Here's a quick list that you can use to check off your development tasks:
- Complete the items listed in the Prerequisites section.
- Work with us to set up a Git repo for your Quick Start files.
- Build your Quick Start templates:
- Use the templates we've provided as building blocks.
- Design your code.
- Use existing AMIs.
- Design template parameters.
- Follow best practices.
- Add Quick Start IDs.
- Create a deployment guide.
- Create a parameters file.
- Test and debug your code.
To find out how building a Quick Start will help showcase your product on AWS and benefit both your company and your customers, watch the Quick Start webinar.
The time commitment for building a Quick Start depends on your AWS CloudFormation and coding skills as well as the complexity of the architecture, and can range from 2 to 8 weeks. Having dedicated, experienced engineering resources who can focus on the project will make a big difference in shortening that development time.
The turnaround time from finalizing the templates (all tests pass) to launch (publication on the AWS Quick Start site) is at least two weeks. We have a rolling launch schedule throughout the year, so we are generally able to publish a Quick Start two weeks after its completion. However, we always have multiple Quick Starts in our publishing queue, so some launches might be delayed. If you would like your Quick Start to go live on a specific date, let us know as soon as possible so we can hold a launch date for you, and make sure that your templates are complete at least two weeks before the requested launch date.
Quick Starts support several options, depending on your software licensing model, including:
- BYOL – The user signs up for a license on your website, and the Quick Start prompts for the license key. Example: Tableau Server Quick Start.
- Trial – The Quick Start automatically sets up a trial license for your software, or the user signs up for one. Quick Starts are for production use, so you should provide instructions for upgrading to a full license when the trial ends. Example: Cloudera Quick Start.
- AMI – The user subscribes to your software in AWS Marketplace, and the Quick Start installs it from there. Licensing is handled through AWS Marketplace. Example: NGINX Plus Quick Start.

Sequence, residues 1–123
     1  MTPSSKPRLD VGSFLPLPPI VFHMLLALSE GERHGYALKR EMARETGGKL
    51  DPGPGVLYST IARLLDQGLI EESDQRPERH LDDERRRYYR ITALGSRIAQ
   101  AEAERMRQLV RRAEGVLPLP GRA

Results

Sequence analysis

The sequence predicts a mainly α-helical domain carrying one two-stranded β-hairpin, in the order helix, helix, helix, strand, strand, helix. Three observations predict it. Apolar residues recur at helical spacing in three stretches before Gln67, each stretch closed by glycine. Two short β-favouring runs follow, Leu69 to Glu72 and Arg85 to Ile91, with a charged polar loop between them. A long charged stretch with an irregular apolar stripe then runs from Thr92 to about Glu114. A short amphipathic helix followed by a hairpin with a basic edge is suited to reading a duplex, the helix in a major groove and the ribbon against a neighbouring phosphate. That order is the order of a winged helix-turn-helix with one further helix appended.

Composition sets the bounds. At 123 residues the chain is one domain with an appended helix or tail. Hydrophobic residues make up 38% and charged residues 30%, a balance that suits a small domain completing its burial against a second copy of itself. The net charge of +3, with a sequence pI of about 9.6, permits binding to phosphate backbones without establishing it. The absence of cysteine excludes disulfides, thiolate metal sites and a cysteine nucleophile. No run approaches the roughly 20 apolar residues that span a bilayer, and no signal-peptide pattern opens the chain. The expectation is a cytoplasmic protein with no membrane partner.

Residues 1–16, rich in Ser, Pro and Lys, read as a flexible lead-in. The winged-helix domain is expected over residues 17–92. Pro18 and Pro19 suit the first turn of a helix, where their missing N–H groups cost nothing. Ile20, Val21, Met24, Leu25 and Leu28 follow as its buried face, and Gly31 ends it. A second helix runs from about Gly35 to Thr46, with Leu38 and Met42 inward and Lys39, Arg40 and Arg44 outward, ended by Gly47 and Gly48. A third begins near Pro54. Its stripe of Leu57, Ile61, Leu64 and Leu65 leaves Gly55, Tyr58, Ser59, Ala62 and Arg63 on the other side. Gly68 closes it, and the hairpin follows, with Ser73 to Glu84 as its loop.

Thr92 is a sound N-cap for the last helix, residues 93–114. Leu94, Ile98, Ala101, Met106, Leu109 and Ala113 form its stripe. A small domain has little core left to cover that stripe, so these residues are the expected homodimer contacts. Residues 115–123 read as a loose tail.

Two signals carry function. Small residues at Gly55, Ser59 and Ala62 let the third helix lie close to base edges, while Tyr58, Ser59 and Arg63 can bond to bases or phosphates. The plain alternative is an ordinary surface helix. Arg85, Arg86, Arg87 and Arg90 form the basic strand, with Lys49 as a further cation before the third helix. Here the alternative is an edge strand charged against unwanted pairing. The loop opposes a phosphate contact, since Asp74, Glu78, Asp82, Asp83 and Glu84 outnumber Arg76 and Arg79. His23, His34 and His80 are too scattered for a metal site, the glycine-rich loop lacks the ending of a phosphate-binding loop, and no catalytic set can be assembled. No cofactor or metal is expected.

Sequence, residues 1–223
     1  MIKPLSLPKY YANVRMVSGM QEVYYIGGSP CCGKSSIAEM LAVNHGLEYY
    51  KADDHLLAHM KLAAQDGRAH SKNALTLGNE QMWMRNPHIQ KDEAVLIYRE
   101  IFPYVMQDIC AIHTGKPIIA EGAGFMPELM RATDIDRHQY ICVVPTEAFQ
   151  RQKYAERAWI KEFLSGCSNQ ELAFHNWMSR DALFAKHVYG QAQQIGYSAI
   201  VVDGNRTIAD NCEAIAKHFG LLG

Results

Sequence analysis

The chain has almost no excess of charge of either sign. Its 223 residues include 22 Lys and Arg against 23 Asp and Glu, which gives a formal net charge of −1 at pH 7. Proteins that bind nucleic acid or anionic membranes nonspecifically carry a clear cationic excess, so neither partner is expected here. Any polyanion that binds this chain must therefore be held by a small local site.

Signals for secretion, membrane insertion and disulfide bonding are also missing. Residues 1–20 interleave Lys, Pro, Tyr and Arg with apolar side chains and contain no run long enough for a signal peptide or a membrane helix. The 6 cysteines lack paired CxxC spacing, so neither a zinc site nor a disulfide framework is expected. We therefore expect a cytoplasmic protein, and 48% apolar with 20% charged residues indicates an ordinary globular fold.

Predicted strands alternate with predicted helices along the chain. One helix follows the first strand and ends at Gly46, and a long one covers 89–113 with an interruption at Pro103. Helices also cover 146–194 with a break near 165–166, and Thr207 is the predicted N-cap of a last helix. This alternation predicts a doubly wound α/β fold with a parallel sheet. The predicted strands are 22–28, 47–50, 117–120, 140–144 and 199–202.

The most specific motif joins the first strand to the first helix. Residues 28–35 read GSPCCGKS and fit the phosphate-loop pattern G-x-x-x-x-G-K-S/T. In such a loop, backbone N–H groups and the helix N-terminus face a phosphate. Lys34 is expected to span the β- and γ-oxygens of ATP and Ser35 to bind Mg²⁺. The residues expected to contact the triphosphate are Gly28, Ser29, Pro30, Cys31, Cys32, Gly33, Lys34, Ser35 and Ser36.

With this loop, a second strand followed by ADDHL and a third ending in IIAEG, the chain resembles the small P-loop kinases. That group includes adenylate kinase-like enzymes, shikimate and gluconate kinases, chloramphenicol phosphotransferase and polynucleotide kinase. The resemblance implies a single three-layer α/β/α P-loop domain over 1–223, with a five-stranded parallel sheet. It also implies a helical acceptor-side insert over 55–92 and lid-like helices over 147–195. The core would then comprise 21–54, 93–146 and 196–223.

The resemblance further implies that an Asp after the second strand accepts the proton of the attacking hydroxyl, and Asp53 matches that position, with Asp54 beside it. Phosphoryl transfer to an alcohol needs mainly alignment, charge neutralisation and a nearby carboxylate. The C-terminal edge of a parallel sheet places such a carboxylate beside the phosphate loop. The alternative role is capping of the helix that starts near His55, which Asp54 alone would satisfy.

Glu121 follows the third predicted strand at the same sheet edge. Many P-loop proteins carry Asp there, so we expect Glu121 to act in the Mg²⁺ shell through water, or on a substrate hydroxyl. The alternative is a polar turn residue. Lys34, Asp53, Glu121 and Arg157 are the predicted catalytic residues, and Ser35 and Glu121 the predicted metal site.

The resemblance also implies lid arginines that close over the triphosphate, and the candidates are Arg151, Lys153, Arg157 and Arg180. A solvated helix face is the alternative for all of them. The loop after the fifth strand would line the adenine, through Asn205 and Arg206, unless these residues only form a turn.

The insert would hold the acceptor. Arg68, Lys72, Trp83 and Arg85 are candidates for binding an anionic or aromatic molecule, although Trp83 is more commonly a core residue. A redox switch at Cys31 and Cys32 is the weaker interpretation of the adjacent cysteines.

- No license – The Quick Start deploys an open-source version of the software. Example: MongoDB Quick Start.
The Quick Start team coordinates the launch with the AWS marketing team. Promotional content includes:
- What's new page on the AWS website (example)
- Social media (Facebook, Twitter, LinkedIn, Google+)
- Optional blog post (e.g., APN blog or AWS blog
- AWS internal announcement
We encourage you to promote the Quick Start on your own website with blog posts, web pages, links, and social media. It will make a big difference in visibility and user adoption.
After the Quick Start is published, as the builder and author, you're responsible for keeping it up-to-date. Specifically:
- Fix any bugs or issues reported by users or uncovered through our testing process.
- Respond to questions and suggestions posted by users in the GitHub repo.
- Revise the Quick Start with new versions of your software, new AMIs, new AWS Regions, and any other updates.
If the Quick Start becomes stale or stops functioning properly, and you're unable to fix it, we'll remove it from the Quick Start catalog.
If you have small changes or updates to the Quick Start, give the Quick Start team at least one week notice. Significant changes will require legal and IP review, and we may not be able to publish the update without at least two weeks notice.
Yes! If you're a partner, check with your AWS Partner Development Manager or Partner Solutions Architect to get information about the number of launches and deployment guide downloads. If you're not a partner, you can contact us at email@example.com for this information. Note that we don't share personally identifiable information (PII) associated with launches.